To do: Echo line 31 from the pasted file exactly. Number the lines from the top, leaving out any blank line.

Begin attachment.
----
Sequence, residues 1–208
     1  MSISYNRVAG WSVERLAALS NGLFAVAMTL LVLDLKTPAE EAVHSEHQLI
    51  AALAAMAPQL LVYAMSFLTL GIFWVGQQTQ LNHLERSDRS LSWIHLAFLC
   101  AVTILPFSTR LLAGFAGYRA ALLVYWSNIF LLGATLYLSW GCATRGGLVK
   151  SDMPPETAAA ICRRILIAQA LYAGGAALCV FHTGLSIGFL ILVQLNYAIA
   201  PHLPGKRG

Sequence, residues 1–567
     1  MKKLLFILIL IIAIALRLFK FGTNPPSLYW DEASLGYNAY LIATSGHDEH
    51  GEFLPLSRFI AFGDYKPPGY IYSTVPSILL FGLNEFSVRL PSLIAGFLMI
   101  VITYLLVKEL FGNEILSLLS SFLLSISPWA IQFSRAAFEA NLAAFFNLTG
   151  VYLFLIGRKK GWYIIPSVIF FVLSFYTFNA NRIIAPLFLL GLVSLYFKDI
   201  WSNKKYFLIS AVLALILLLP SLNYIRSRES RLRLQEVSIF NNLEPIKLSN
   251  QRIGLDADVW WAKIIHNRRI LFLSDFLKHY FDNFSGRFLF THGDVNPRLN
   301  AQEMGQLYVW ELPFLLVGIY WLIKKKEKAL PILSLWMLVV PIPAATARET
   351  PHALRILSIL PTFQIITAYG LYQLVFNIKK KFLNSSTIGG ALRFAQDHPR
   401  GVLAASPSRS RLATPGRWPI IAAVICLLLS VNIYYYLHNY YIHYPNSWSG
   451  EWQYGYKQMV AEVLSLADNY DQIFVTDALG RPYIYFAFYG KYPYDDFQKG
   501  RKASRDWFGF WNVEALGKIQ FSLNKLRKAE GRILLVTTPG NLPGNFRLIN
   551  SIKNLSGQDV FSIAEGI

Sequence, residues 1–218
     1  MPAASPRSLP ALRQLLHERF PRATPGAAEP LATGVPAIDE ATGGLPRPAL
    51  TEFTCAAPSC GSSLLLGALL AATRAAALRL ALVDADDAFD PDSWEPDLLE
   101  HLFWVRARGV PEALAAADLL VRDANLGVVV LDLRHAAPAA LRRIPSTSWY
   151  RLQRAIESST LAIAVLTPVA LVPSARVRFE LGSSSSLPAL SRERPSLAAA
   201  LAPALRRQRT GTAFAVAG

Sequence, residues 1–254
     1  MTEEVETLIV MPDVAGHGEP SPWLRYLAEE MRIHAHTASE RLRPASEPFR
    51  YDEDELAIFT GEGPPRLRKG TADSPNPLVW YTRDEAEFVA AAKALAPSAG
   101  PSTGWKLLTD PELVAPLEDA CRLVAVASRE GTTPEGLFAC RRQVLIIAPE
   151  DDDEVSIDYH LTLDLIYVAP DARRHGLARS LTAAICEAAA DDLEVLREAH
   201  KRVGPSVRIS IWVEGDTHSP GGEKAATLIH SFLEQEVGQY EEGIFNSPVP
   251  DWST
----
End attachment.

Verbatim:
   201  KRVGPSVRIS IWVEGDTHSP GGEKAATLIH SFLEQEVGQY EEGIFNSPVP